the BoG will assess the potential tax impediments to loan loss provisioning and writeoff policies of domestic banks and, if needed and in consultation with EC, ECB, ESM
and IMF, suggest appropriate actions in order to be assessed and addressed by the
Authorities.

By end-June 2016,
i.
the authorities will
22

a. amend the legislation on out-of-court workout, making use of external expertise if


needed, to improve its effectiveness by (i) allowing for both large and small debtors
into the mechanism, including debtors with state and/or bank debt; (ii)
strengthening information requirements for applications; (iii) introducing basic
principles for viability assessments and formulation of debt restructuring proposals;
(iv) establishing coordination and decision-making mechanisms among creditors,
both private and public; (v) subjecting all elements of debt, including private and
public debt, to the debt-restructuring mechanism; (vi) allowing for the possibility of
using fast-track court ratification of the restructuring agreement; and (vii) facilitating
the initiation of insolvency proceedings in case of lack of compliance with the
agreed restructuring plans or if the borrower has been assessed as non-viable.
(key deliverable);
b. introduce legislative provisions to ensure that actions taken in relation to debt
restructuring by either private or public officials, in good faith, to the best interest of
the creditor they are representing and in compliance with the applicable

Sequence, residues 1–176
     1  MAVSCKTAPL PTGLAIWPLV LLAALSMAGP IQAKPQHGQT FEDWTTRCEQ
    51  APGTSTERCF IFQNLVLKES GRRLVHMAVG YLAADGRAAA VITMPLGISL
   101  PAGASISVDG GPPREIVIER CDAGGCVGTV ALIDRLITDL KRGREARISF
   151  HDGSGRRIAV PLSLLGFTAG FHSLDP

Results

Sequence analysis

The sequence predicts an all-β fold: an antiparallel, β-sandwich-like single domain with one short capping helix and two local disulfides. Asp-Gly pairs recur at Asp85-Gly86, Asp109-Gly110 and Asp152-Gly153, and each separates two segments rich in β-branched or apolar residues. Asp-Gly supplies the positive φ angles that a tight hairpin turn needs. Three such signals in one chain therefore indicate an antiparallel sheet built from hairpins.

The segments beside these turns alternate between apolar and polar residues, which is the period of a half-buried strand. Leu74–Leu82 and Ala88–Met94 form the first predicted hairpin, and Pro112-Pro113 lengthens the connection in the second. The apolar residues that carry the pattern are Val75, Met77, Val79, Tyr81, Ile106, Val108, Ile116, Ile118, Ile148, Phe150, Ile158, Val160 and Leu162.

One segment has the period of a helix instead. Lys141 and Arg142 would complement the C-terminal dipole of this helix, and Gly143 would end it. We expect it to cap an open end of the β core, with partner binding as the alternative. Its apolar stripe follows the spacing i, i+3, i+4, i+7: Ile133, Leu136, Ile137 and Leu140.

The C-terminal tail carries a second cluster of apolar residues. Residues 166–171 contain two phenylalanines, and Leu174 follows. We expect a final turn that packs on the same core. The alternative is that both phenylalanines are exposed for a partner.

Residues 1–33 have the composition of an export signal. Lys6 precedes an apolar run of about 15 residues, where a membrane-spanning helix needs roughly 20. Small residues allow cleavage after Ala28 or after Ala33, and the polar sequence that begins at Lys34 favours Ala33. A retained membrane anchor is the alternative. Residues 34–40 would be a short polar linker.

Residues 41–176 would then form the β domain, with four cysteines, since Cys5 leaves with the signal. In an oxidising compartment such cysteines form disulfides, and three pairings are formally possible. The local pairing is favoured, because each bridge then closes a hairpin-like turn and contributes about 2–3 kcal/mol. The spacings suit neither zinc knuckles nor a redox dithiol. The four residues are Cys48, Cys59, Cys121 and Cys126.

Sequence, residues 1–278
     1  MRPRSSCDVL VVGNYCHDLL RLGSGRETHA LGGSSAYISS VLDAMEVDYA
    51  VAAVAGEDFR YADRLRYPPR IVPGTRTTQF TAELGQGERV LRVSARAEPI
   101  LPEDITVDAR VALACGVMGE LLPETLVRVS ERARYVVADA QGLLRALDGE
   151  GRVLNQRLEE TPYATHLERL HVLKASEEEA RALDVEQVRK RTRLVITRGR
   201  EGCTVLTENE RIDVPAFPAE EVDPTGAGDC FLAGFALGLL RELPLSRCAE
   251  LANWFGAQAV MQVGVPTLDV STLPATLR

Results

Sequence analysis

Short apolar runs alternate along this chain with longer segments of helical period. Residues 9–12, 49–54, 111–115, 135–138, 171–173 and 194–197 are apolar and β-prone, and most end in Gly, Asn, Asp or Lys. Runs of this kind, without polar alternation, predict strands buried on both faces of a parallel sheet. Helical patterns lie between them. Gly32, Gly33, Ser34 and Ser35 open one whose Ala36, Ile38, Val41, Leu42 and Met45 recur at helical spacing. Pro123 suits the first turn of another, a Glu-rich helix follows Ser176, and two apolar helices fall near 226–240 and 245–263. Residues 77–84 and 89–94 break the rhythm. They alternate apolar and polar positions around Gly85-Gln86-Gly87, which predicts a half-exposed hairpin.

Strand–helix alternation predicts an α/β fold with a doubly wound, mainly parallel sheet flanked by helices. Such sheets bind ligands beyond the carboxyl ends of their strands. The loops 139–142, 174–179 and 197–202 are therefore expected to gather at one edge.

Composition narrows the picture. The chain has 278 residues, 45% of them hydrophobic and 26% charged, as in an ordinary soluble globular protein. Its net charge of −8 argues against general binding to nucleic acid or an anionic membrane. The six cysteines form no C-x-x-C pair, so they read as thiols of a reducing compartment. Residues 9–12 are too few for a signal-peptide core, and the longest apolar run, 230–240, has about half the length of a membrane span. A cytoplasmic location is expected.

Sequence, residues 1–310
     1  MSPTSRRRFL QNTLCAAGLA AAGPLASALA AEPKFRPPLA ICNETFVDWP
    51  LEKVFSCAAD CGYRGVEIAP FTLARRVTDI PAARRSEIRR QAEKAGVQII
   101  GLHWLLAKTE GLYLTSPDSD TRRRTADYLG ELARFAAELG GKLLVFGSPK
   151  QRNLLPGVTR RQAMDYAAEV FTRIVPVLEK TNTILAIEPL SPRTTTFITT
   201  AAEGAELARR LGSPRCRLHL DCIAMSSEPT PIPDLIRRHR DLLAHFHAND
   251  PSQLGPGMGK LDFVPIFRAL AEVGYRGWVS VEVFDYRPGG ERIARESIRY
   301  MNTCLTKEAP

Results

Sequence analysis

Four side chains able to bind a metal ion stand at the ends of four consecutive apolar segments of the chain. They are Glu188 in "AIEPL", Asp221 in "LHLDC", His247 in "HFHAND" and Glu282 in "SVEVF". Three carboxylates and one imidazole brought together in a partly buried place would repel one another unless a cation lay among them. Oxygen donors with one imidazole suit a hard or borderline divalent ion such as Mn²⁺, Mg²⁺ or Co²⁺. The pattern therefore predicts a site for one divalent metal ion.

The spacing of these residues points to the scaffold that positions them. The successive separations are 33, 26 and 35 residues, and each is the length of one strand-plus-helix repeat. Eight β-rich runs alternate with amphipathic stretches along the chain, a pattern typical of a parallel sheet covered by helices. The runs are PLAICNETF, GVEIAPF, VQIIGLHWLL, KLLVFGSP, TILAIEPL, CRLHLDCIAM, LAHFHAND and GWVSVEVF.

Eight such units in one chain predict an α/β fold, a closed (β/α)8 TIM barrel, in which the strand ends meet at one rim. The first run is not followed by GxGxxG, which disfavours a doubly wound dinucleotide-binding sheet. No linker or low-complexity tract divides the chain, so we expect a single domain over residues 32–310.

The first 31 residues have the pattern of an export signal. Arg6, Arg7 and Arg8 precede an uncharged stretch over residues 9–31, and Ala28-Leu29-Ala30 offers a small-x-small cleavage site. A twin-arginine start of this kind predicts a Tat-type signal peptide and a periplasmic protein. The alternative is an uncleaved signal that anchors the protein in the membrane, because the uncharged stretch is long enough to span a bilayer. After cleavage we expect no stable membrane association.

procedures and objective criteria, are considered legitimate as far as civil or
criminal liability is concerned, according to the general principles and the
safeguards of the existing legal framework. The applicable procedures may include
additional safeguards for cases concerning very large debtors;
c.

present a report and detailed proposals of amendments in order to improve the


corporate insolvency law, among others, by overcoming the possible obstruction by
uncooperative shareholders of the debtor company, simplifying and accelerating
the procedures, reducing the discharge period and specify the insolvency
administrators' functions;

d. appoint new specially trained judges and set up dedicated chambers for the trial of
household insolvency cases to reduce the backlog of pending applications under
law 3869/2010.
e. adopt a legislation on the Debt Information and Support Network located across
the country, in order to provide adequate advice and support to physical persons
and SMEs on the legal and financial aspects of debt restructurings, as well as on
issues of financial literacy in general. A detailed implementation plan will also be